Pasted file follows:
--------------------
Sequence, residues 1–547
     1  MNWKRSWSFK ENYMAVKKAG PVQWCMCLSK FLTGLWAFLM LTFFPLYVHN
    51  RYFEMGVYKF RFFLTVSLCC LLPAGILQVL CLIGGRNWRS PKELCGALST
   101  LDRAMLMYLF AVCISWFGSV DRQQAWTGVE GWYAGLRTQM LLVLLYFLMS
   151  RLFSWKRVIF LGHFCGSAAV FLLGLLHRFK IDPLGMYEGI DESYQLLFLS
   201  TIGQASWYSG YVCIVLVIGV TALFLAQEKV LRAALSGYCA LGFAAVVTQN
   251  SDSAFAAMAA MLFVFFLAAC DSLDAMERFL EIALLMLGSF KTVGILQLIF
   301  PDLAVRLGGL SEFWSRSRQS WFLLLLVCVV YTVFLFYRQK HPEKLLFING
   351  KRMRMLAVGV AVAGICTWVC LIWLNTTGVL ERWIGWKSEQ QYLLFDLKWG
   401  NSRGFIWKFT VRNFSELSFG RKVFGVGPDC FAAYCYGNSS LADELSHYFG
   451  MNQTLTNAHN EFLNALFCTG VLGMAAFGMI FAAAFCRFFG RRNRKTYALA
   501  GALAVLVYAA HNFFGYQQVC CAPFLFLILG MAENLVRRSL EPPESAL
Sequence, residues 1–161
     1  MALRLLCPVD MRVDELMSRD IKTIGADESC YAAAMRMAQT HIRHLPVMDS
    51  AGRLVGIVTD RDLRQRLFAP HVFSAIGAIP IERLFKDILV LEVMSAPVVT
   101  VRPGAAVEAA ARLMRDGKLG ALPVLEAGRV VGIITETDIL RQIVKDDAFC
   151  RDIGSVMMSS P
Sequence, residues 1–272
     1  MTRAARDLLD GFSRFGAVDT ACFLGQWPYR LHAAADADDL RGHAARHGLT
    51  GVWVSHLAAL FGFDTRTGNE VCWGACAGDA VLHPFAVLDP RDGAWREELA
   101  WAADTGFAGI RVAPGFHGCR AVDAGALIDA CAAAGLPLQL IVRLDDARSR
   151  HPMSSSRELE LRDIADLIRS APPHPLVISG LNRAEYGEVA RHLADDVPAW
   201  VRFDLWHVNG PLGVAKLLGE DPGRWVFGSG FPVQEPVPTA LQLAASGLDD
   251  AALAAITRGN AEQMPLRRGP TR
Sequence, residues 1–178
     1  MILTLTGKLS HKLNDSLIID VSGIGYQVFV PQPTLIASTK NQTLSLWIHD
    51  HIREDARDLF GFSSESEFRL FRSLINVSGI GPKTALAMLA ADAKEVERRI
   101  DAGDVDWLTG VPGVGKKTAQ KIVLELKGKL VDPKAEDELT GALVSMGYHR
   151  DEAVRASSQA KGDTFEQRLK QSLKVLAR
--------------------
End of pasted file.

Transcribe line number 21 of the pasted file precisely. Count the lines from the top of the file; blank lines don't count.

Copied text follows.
   101  WAADTGFAGI RVAPGFHGCR AVDAGALIDA CAAAGLPLQL IVRLDDARSR